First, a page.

THE PRESIDENT. [1.] Ladies and gentlemen: The events of the past week in regard to the railroad situation should give us all occasion to pause for some serious reflection. We should be grateful that things turned out in such a way that we have time for that reflection.
It is fundamental to our whole idea of civilized society that we settle disputes by a meeting of the minds, by a free interchange of conflicting ideas, by responsible acceptance of the best possible solution. This is what happens at the collective bargaining table. In any dispute there are always at least two sides, and it has been my experience that each side usually has a deep-seated belief that its viewpoint is correct.
In some countries the solution is determined by the strongest. free men, however, must take a very different role. They must realize that they can remain free only when they are ready to give and take, when they are willing to reason together, when they are ready to look for that common ground upon which all groups can stand honorably.
There is in any large-scale dispute a question of the public interest. This interest must always be overriding. But we must never delude ourselves that we are serving the public interest if at any time we suppress the legitimate rights of the conflicting parties. The ultimate objective of our system of government is a society of free men who know how to live together and how to get consent rather than to get coercion.
I am very proud of the fact that both the railroad brotherhoods and railroad management agreed to a request, based upon the national interest, that they give free collective bargaining another try. I can understand how difficult this decision was for both of them. Their differences have been aired and have been argued for 4 dreary years. Both sides were tired of the seemingly endless negotiations and, under such circumstances, there is almost irresistible temptation for a trial of strength. But when they were asked to serve their country by resisting this temptation, they both agreed to do so.
What is now going on is collective bargaining in the truest sense of the word. The men who are assisting the two parties to the dispute are present as mediators and conciliators and can bring some new points of view.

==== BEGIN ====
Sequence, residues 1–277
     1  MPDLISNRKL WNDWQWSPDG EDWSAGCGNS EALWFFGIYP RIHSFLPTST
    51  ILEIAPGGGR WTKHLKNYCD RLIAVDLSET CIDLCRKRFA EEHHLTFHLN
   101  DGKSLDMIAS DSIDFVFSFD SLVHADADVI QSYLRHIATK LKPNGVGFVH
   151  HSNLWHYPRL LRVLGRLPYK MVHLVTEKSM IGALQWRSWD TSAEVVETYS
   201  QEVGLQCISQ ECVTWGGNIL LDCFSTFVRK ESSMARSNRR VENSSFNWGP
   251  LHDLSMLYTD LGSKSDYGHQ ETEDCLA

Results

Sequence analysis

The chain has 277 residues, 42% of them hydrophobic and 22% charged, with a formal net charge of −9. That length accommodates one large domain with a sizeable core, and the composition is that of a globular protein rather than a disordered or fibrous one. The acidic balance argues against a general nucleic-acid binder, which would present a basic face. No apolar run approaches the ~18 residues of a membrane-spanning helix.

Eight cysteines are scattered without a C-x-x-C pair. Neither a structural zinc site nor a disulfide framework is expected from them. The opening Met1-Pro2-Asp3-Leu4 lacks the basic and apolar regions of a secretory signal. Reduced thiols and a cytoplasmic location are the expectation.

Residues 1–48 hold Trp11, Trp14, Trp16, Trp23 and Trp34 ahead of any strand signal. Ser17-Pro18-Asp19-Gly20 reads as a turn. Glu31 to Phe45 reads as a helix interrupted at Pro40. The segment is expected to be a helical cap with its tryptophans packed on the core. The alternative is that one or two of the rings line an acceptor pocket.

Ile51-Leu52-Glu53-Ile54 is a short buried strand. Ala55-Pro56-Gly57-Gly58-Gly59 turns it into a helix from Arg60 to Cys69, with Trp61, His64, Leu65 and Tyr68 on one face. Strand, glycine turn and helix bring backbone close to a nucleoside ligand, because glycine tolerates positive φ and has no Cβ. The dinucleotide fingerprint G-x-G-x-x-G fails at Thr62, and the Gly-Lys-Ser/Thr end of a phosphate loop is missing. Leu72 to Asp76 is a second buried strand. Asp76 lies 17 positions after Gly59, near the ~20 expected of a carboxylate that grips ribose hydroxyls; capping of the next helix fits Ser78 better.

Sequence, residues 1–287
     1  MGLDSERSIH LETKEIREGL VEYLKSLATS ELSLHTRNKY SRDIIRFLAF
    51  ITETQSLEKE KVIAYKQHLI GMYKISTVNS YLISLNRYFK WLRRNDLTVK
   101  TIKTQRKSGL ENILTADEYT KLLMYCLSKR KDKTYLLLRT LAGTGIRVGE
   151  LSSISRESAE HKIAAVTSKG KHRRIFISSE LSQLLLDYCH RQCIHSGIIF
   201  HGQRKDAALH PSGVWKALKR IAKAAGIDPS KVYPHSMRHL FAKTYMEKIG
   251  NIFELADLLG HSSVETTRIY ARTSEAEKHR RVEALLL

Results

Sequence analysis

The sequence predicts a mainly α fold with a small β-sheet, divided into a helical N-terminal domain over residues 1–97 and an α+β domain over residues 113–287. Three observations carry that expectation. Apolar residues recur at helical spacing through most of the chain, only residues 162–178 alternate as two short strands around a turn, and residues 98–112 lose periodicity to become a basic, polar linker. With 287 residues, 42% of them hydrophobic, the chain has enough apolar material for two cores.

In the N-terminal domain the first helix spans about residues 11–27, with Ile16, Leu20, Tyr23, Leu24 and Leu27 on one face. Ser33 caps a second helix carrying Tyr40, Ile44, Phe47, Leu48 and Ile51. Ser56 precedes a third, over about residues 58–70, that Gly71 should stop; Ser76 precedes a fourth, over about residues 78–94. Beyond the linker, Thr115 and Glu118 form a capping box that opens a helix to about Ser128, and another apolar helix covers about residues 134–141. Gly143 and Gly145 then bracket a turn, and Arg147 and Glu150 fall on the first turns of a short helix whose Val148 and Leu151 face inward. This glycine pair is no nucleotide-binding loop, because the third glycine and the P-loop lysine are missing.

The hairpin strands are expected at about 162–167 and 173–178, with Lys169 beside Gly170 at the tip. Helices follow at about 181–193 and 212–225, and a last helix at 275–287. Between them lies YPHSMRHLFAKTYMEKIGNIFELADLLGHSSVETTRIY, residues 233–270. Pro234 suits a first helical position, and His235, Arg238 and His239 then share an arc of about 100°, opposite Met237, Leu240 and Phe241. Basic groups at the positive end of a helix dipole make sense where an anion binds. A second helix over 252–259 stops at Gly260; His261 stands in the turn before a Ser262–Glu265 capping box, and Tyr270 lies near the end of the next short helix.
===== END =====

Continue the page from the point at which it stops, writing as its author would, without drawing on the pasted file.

We owe a deep debt to Dr. George Taylor and to Mr. Kheel for coming here and working with us under very trying circumstances and on very sudden notice. We are not trying to impose a solution. We are just trying to be helpful in arriving at a solution by consent. This is, to me, a matter of the most vital importance to our country.
I will follow the negotiations very closely. I have met with the negotiating parties again this morning, and I am going to do everything that I know to do to be helpful and constructive. Success in this case can be an enormous step in strengthening the foundations of collective bargaining. I know that this is in the hearts and minds of those around the table. I do not know what our result will be, but I do know that this thought will be a basic element in reaching a successful conclusion.
[2.] Gen. Earle Wheeler, Chief of Staff of the Army, will join Secretary Rusk in South Viet-Nam on Friday, April 17. General Wheeler will serve as the Department of Defense's representative in a series of conferences which Secretary Rusk will conduct with Ambassador Lodge, General Khanh, and others. To continue to observe the situation, Secretary Rusk and General Wheeler will remain in South Viet-Nam 2 or 3 days.
[3.] The world record for aircraft speed, currently held by the Soviets, has been repeatedly broken in secrecy by the United States aircraft A-11. The President has instructed the Department of Defense to demonstrate this capability with the procedure which, according to international rules, will permit the result of the test to be entered as a new world record. The Soviet record is 1,665 miles an hour. The A-11 had already flown in excess of 2,000 miles an hour.
[4.] I have invited President de Valera of Ireland to visit the United States.
Are there any questions?
Q. Mr. President, when did you invite President de Valera?
THE PRESIDENT. Several days ago.
Q. When will he come, sir?
THE PRESIDENT. That depends on him. He will notify us if he accepts.
[5.] Q. Mr. President, on the trip to South Viet-Nam that you spoke of, is there going to be any discussion there of the possibility of Ambassador Lodge's stepping out of that position in view of the growing political attraction?
THE PRESIDENT. Not any that I know of at all. His services there have been very satisfactory, and he has done a very constructive job.